This article aims to summarize the anatomical characteristics of the medial approach for proximal humeral fractures, of which the study of arteries is the most important. PCHA may play a more important role than ACHA in preventing AVN because of its larger diameter and less variation. Earlier anatomic dissection studies indicated the vascularization of humeral head was mainly through the ACHA while the PCHA vascularized only a small part of the head . But this result could not explain the absence of necrosis in the cases of severe fracture as the ACHA is vulnerable is such cases. Another study shows that humeral head can be completely perfused after ligation of ACHA . In another quantitative assessment of the vascularity, PCHA provided 64% of the blood supply while the ACHA only supply 36% . First, the small diameter of the ACHA (0.3mm-2mm) in comparison to that of the PCHA (1.2-5.5mm) is also funded by other studies [24, 26, 28]. Second, in clinical study of treatment for complex PHFs, no intact ACHA were found in 16 cases except 1 patient But successful fracture healing was achieved in all 17 cases . Last, Natalie Keough et al emphasized the variations exist for the course of the ACHA, which suggest a more significant contribution from the PCHA to the epiphysis . In our study, a separate origin for the ACHA and PCHA was 84.3%. This is consistent with their study. So, the role of the PCHA is revalued as its distinctive branches penetrating the region of the bone cartilage area.
Given the anatomical features of ACHA, we hypothesized that the integrity of ACHA has been lost in complex PHFs as the ACHA was firmly attached to the subscapularis tendon . While the ACHA has been lost, extent dissection of periosteum by deltopectoral approach will increase the risk of necrosis as the vascular supply to the callus area is derived mainly from the surrounding soft tissues. Instead, the medial approach does not require excessive dissection because of its loose subcutaneous tissue. Besides, the longitudinal incisions on the medial side contribute to the concealment of the incisions and have little effect on cutaneous blood supply and cutaneous nerves without any flap. If the ACHA is intact, preoperative localization of ACHA can be of great help to the operation. Method of guiding the quick access to ACHA by landmarks have been proposed . In this study, the distance from ACHA to coracoid was 49.2 mm, which was consistent with our study. This technique provides favorable guidance for preoperative localization of ACHA. CTA can be used to determine the continuity of artery before surgery but is often not used routinely due to its high cost and unclear development (Fig. 7). In addition, Location of the ACHA by intraoperative ultrasound is possible due to the loose subcutaneous tissue in the medial upper arm as using intraoperative ultrasonography in treatment of acute achilleas tendon rupture yield less surgical time .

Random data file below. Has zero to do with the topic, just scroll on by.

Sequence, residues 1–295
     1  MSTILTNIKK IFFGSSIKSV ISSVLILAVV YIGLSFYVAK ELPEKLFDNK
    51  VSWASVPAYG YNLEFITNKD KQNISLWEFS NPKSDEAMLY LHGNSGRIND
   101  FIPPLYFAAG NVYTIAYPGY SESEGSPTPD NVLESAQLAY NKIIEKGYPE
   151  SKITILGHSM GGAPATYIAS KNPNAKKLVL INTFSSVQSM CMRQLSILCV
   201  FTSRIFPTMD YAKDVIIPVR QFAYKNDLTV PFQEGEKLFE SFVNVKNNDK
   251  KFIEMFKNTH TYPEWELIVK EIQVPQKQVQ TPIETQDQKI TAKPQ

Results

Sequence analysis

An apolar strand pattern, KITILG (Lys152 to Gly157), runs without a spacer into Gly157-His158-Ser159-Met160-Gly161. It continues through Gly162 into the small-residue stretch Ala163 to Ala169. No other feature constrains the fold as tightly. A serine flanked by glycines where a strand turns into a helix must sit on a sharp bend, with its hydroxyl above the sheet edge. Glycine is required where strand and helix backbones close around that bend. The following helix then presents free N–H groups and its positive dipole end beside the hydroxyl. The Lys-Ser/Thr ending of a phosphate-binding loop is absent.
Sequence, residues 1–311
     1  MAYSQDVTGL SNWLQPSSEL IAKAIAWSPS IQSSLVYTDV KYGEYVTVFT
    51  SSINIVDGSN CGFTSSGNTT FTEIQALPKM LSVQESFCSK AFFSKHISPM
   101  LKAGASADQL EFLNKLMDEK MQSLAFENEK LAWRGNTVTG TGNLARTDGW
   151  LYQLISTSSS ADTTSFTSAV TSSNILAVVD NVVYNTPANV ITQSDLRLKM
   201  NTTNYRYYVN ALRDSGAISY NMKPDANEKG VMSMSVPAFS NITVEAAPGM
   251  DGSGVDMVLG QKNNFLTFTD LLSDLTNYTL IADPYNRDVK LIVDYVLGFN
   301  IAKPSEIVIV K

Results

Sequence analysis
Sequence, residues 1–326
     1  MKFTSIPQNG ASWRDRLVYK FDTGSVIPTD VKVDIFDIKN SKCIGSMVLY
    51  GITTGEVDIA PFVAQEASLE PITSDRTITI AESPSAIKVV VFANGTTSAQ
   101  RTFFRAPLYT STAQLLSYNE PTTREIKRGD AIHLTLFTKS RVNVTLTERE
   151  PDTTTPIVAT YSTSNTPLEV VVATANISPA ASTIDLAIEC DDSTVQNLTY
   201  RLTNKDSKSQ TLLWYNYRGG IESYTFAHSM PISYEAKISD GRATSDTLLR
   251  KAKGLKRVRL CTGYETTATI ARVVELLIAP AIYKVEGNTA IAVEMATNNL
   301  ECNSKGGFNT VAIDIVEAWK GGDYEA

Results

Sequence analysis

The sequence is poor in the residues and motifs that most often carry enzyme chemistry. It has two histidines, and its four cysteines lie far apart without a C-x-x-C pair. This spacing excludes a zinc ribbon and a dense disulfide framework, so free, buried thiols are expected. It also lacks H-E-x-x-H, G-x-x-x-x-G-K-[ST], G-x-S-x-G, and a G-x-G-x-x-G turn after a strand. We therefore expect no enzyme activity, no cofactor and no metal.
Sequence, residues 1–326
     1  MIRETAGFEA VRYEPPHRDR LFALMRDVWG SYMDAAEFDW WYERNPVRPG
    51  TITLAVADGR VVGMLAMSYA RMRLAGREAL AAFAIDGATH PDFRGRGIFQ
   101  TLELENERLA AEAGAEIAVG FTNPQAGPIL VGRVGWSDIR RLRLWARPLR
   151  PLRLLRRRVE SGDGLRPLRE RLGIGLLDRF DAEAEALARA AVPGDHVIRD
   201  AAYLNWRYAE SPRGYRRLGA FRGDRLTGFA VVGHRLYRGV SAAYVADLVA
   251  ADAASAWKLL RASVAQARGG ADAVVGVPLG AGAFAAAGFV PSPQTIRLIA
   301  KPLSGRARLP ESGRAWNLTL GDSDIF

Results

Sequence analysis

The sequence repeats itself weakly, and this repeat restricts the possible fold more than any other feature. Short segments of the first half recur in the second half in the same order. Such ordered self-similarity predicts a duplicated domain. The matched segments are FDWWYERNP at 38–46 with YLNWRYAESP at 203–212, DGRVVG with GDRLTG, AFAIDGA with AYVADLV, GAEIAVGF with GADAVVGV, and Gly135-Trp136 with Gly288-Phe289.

The entry point of arcuate artery, which regard as an important intraosseous anastomosis, is in the outer upper quadrant of the humeral head . We also find there are no nutrient arteries from PCHA and ACHA in medial side. Based on the above observation, the interval between ACHA and PCHA is practicable for the placement of medial plate. The variation of the origin of PCHA is also noteworthy. According to literature reports, the typical PCHA accounted for 77.1%, PCHA arises from SSA accounted for 12%, PCHA arises from DBA accounted for 8.4% .These data in our observations are 86.8%, 10.5% and 2.6% respectively. When the PCHA arises from the subscapular artery, its origin is located proximal to the typical type. We think it is safer because the deeper course of PCHA. But when it comes from the deep brachial artery, the interval between ACHA and PCHA is limited.
Compared to other nerves, the musculocutaneous nerve is the only nerve that requires special attention in medial approach. The medial brachial cutaneous nerve is away from the incision because it pierce the fascia at about 15 cm proximal to the medial epicondyle . We found that the axillary nerve was generally located behind the PCHA, so the medial approach did not increase the risk of axillary nerve injury. It is reported that shoulder abduction could protect the axillary nerve and radial nerve when working near the latissimus dorsi tendon insertion . The musculocutaneous nerve is the only nerve that normally appears in the surgical area. The exposure of the operative field is influenced by the distance between its origin from the brachial plexus and its afferent coracobrachialis muscle, and by its position with the ACHA. We divide the musculocutaneous nerves into three categories. Type I. The entry point is proximal to the artery. Type II. The entry point is located adjacent to the artery (musculocutaneous nerve intersects with ACHA). Type III. The entry point is located distal to the artery. In this research, 65.8% fits type I. As all the musculocutaneous nerve should be pulled laterally to facilitate the placement of the implant during surgery, so the type I and type III is beneficial to surgery. In a study on the relationship of the musculocutaneous nerve, approximately 83% entry points that musculocutaneous nerve penetrates the coracobrachialis were shorter than 5cm from the humeral head . This is consistent with type I in this article, and the proportion is even higher.